M-Systems. Flash-Memory Translation Layer for NAND Flash (NFTL) (1998)Google Scholar
  28. 28.
    M-Systems. TrufFFS Wear-Leveling Mechanism, Technical Note TN-DOC-017 (2002)Google Scholar
  29. 29.
    NAND08Gx3C2A 8Gbit Multi-level NAND Flash Memory. STMicroelectronics (2005)Google Scholar
  30. 30.
    Numonyx, Wear Leveling in NAND Flash Memories (2008)Google Scholar
  31. 31.
    Open NAND Flash Interface (ONFi), Open NAND Flash Interface Specification Revision 2.1 (2009)Google Scholar
  32. 32.
    C. Ruemmler, J. Wilkes, UNIX disk access patterns, in Usenix Conference (Winter 1993), pp. 405–420Google Scholar
  33. 33.
    D. Roselli, J.R. Lorch, T.E. Anderson, A comparison of file system workloads, in Proceedings of the USENIX Annual Technical Conference, pp. 41–54Google Scholar
  34. 34.
    M. Rosenblum, J.K. Ousterhout, The design and implementation of a log-structured file system. ACM Trans. Comput. Syst. 10(1) (1992)Google Scholar
  35. 35.
    Samsung Electronics, K9F2808U0B 16M * 8 Bit NAND Flash Memory Data Sheet (2001)Google Scholar
  36. 36.
    Samsung Electronics Company, K9GAG08U0M 2G * 8 Bit MLC NAND Flash Memory Data Sheet (Preliminary)Google Scholar
  37. 37.
    Samsung Electronics Company, K9NBG08U5M 4Gb * 8 Bit NAND Flash Memory Data SheetGoogle Scholar
  38. 38.
    SanDisk Corporation, Sandisk Flash Memory Cards Wear Leveling (2003)Google Scholar
  39. 39.
    D. Shmidt, Technical note: Trueffs wear-leveling mechanism (tn-doc-017). Technical report, M-System (2002)Google Scholar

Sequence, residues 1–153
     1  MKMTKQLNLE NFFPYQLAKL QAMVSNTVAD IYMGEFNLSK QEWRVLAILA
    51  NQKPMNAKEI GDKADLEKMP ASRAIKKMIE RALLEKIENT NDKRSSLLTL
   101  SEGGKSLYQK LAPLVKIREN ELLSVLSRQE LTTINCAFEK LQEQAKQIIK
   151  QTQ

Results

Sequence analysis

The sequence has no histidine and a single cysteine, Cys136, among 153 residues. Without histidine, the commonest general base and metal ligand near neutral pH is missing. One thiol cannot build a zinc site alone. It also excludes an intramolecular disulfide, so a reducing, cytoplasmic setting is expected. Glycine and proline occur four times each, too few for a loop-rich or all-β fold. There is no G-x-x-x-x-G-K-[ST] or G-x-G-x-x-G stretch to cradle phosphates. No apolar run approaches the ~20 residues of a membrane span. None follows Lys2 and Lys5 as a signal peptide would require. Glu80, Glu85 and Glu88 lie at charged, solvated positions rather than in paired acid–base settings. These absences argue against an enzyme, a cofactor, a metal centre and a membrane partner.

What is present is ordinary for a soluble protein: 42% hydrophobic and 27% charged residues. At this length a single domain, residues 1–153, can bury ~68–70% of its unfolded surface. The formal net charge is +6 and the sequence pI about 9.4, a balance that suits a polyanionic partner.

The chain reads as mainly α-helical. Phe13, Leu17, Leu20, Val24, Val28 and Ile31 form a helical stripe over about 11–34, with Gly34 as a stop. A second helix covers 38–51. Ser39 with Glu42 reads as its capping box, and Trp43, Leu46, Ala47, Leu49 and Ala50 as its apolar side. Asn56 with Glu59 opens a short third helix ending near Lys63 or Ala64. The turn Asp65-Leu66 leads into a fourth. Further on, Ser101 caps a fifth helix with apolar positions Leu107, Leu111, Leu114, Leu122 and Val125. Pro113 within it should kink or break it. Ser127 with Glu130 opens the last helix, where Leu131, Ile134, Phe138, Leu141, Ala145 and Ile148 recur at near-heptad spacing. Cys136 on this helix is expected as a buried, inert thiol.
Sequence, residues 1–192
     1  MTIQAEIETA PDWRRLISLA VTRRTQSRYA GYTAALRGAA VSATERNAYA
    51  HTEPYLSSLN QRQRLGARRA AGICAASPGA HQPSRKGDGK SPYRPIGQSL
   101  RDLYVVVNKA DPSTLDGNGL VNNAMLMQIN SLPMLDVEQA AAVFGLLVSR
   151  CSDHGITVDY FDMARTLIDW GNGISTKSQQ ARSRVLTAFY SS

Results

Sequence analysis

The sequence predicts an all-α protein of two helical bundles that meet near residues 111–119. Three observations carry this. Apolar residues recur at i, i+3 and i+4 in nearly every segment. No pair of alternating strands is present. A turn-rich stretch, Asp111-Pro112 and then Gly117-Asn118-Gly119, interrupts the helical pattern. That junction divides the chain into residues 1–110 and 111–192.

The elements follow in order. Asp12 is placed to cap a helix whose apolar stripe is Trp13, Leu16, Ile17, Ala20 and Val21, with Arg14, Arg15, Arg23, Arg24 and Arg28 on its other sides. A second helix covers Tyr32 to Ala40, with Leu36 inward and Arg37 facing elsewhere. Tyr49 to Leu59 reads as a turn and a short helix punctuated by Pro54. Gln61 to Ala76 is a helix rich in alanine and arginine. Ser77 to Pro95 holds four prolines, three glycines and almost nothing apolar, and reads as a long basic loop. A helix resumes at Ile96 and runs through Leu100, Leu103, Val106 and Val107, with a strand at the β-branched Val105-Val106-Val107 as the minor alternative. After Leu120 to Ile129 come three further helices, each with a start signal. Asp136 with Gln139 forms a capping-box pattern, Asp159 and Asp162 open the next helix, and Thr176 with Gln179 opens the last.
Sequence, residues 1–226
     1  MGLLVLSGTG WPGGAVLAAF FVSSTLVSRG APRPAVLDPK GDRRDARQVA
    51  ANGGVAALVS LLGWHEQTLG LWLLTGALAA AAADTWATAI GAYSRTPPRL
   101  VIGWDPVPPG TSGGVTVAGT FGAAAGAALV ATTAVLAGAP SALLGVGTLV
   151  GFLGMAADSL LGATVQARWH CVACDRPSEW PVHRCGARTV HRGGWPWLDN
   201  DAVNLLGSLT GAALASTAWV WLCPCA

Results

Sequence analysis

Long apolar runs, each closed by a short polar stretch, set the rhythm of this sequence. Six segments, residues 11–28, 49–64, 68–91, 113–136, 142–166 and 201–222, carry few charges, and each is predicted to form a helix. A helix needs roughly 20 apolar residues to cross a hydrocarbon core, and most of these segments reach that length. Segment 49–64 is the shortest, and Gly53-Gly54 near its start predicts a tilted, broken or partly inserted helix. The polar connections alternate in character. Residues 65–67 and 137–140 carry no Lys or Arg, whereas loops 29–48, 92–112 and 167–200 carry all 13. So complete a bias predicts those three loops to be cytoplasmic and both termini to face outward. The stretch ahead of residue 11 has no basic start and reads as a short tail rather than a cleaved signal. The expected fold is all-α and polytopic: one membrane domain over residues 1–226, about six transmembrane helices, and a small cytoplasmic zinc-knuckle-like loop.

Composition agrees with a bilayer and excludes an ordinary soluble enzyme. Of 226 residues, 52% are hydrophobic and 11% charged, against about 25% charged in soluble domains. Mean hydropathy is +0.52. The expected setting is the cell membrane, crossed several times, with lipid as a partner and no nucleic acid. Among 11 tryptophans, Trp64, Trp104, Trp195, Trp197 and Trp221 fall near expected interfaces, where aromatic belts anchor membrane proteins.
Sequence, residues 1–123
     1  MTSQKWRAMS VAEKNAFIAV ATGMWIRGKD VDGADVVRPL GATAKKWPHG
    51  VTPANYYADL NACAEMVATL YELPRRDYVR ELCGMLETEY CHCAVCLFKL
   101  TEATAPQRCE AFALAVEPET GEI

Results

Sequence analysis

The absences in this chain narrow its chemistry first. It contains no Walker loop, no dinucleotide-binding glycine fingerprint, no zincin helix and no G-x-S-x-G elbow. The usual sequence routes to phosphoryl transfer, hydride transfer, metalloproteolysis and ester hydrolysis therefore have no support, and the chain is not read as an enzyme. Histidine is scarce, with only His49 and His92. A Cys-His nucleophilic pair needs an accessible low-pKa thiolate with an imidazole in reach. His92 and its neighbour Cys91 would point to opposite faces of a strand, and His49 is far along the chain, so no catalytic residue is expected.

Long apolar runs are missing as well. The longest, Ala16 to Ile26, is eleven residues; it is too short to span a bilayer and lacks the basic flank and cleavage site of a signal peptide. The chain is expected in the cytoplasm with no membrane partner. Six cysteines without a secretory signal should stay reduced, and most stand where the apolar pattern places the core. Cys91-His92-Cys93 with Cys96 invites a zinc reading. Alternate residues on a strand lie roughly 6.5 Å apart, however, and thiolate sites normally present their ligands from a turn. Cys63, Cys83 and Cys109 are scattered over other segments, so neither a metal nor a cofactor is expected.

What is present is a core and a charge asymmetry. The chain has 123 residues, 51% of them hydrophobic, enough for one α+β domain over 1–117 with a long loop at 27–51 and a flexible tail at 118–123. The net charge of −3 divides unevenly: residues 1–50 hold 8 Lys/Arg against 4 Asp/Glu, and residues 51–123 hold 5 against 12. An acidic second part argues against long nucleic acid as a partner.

40. 40.
    Software Concerns of Implementing a Resident Flash Disk. IntelGoogle Scholar
  41. 41.
    Spectek, NAND Flash Memory MLC (2003)Google Scholar
  42. 42.
    M. Spivak, S. Toledo, Storing a persistent transactional object heap on flash memory, in LCTES ’06: Proceedings of the 2006 ACM SIGPLAN/SIGBED Conference on Language, Compilers, and Tool Support for Embedded Systems (2006), pp. 22–33Google Scholar
  43. 43.
    STMicroelectronics, Wear Leveling in Single Level Cell NAND Flash Memories (2006)Google Scholar
  44. 44.
    S. P. D.-H. L. S.-W. L. Tae-Sun Chung, Dong-Joo Park, H.-J. Song, System software for flash memory: a survey, in EUC ’06: Embedded and Ubiquitous Computing (2006), pp. 394–404Google Scholar
  45. 45.
    Understanding the Flash Translation Layer (FTL) Specification. Technical report, Intel Corporation (Dec 1998), http://developer.intel.com/
  46. 46.
    W. Vogels, File system usage in windows nt 4.0. SIGOPS Oper. Syst. Rev. 33(5), 93–109 (1999)Google Scholar
  47. 47.
    D. Woodhouse, Jffs: the journalling flash file system, in Proceedings of Ottawa Linux Symposium (2001)Google Scholar
  48. 48.
    M. Wu, W. Zwaenepoel, eNVy: a non-volatile main memory storage system, in Proceedings of the Sixth International Conference on Architectural Support for Programming Languages and Operating Systems (1994), pp. 86–97Google Scholar

Copyright information

© Springer Science+Business Media Dordrecht 2013

Authors and Affiliations

  1. 1.Academia SinicaInstitute of Information ScienceTaipeiTaiwan
  2. 2.Department of Computer ScienceNational Chiao-Tung UniversityHsinchuTaiwan

Personalised recommendations